Champagne Lilbert-Fils, Côte des Blancs

Lilbert Blanc de Blancs label

Country & RegionFrance, Champagne, Cramant
ProducerGeorge & Bertrand Lilbert
Founded1746. Bertrand took the helm from his father George in 2005.

The only problem with these wines is finding them, as the tiny production is eagerly snapped up upon release by a near-cult following of clientele around the world.
        —Peter Liem, Champagne Guide 2014

The written record has the Lilbert family cultivating vines around its hilltop village of Cramant in 1746, and it’s probably a fair bet that they were there sometime before that (the oldest part of their 23-foot-deep cellar dates from 1712). The record further shows that as early as 1907 the family bottled its own wine for commercial sale. Despite such longevity, the house of Lilbert is tiny: it farms a mere 3.5 hectares of vines (this figure translates into 8.6 acres, and unfortunately our old back label erroneously states 9.4 acres).

Champagne Lilbert-Fils Cramant

Bertrand Lilbert and his father Georges–who’s in his eighties but still helping his kid out–make only grand cru blanc de blancs from 100% Chardonnay. Their annual production averages 2,300 twelve-pack cases. To put this in perspective, the house of Moët & Chandon pumps out 25 million cases each year. Unlike Moët, the Lilberts make all of their wine from their own vineyards, which break down into 15 parcels in the grand cru villages of Oiry (10% of their total plantation), Chouilly (30%), and Cramant (60%) on the Côte des Blancs. The vine age average is 50 years old.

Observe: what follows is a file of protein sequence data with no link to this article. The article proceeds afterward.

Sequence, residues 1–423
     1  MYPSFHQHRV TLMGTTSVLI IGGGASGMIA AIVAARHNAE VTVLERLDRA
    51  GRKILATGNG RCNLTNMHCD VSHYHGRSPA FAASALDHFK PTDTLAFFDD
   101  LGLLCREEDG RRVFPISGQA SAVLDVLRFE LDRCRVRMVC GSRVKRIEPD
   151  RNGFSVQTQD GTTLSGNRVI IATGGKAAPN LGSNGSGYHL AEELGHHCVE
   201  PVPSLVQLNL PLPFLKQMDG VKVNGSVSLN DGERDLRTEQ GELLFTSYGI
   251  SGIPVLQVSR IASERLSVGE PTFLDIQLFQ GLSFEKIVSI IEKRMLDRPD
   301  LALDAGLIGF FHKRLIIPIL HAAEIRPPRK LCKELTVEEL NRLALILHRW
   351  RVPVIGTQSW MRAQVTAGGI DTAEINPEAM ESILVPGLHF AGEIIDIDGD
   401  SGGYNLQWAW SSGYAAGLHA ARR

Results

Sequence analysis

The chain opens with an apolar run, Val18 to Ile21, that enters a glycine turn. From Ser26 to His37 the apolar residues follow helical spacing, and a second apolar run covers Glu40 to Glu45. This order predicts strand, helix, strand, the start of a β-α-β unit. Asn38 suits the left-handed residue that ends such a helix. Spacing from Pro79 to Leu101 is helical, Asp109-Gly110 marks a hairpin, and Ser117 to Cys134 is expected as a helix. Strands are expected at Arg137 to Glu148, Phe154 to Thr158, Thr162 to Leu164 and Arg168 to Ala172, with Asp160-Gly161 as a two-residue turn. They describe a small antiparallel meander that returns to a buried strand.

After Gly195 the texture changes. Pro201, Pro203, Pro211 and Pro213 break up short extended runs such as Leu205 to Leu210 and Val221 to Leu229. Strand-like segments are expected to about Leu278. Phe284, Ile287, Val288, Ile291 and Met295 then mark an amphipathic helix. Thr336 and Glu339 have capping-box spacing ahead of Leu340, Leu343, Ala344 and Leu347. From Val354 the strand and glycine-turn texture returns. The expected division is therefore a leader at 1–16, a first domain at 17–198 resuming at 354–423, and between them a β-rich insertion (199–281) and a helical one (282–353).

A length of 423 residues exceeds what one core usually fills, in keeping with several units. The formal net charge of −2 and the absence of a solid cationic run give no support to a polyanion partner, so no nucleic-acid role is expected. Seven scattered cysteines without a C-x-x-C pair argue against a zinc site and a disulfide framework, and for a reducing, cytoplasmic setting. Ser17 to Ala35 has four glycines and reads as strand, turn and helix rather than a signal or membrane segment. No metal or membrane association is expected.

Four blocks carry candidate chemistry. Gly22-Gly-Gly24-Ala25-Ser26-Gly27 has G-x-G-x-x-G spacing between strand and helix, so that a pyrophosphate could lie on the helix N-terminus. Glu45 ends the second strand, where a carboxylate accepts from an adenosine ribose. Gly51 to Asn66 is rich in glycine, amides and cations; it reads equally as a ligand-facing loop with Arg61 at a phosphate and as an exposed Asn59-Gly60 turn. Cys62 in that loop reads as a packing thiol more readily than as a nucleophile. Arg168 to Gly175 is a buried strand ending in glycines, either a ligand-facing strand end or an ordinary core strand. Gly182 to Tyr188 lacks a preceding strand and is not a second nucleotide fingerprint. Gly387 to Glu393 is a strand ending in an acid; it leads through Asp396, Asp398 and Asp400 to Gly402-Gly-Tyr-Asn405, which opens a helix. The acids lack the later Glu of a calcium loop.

Note that Cramant should not be confused with crémant. Crémant once used to be a term reserved for a style of Champagne with less pressure–and indeed the village of Cramant has a tradition of making wine in such a style, so much so that Lilbert’s Perle was once labeled as Crémant de Cramant. But those days are gone and now crémant legally refers to all méthode Champenoise wine made within France but outside of the Champagne appellation.

Bertrand Lilbert of Champagne Lilbert-Fils

The Côte des Blancs is a ridge that begins just outside of Epernay and runs north-south. Vineyards grow primarily on its east-facing escarpment, making the resemblance to Burgundy’s Côte d’Or a rich parallel (although here the soil is tuffeau and chalk rather than marl and limestone, and the ridgeline is much shorter). Bertrand Lilbert began working with his father in the 1990s and made one change. The flanks of Cramant have long been known as one of the truly great terroirs of the Côte des Blancs, known for full-bodied, chalk-rich Chardonnay. The very name Cramant refers to Mont de Craie, or mount of chalk, so why not, Bertrand thought, honor this legacy? Moreover, Cramant and its neighboring village of Avize, immediately to the south, are the historic heart of the Côtes des Blancs. Thus he made the 1995 vintage Champagne from 100% Cramant fruit, saving the fruit from the other village parcels for the two non-vintage wines. The result was superb, and he has made the practice standard for his vintage wine.

Champagne Lilbert-Fils cellar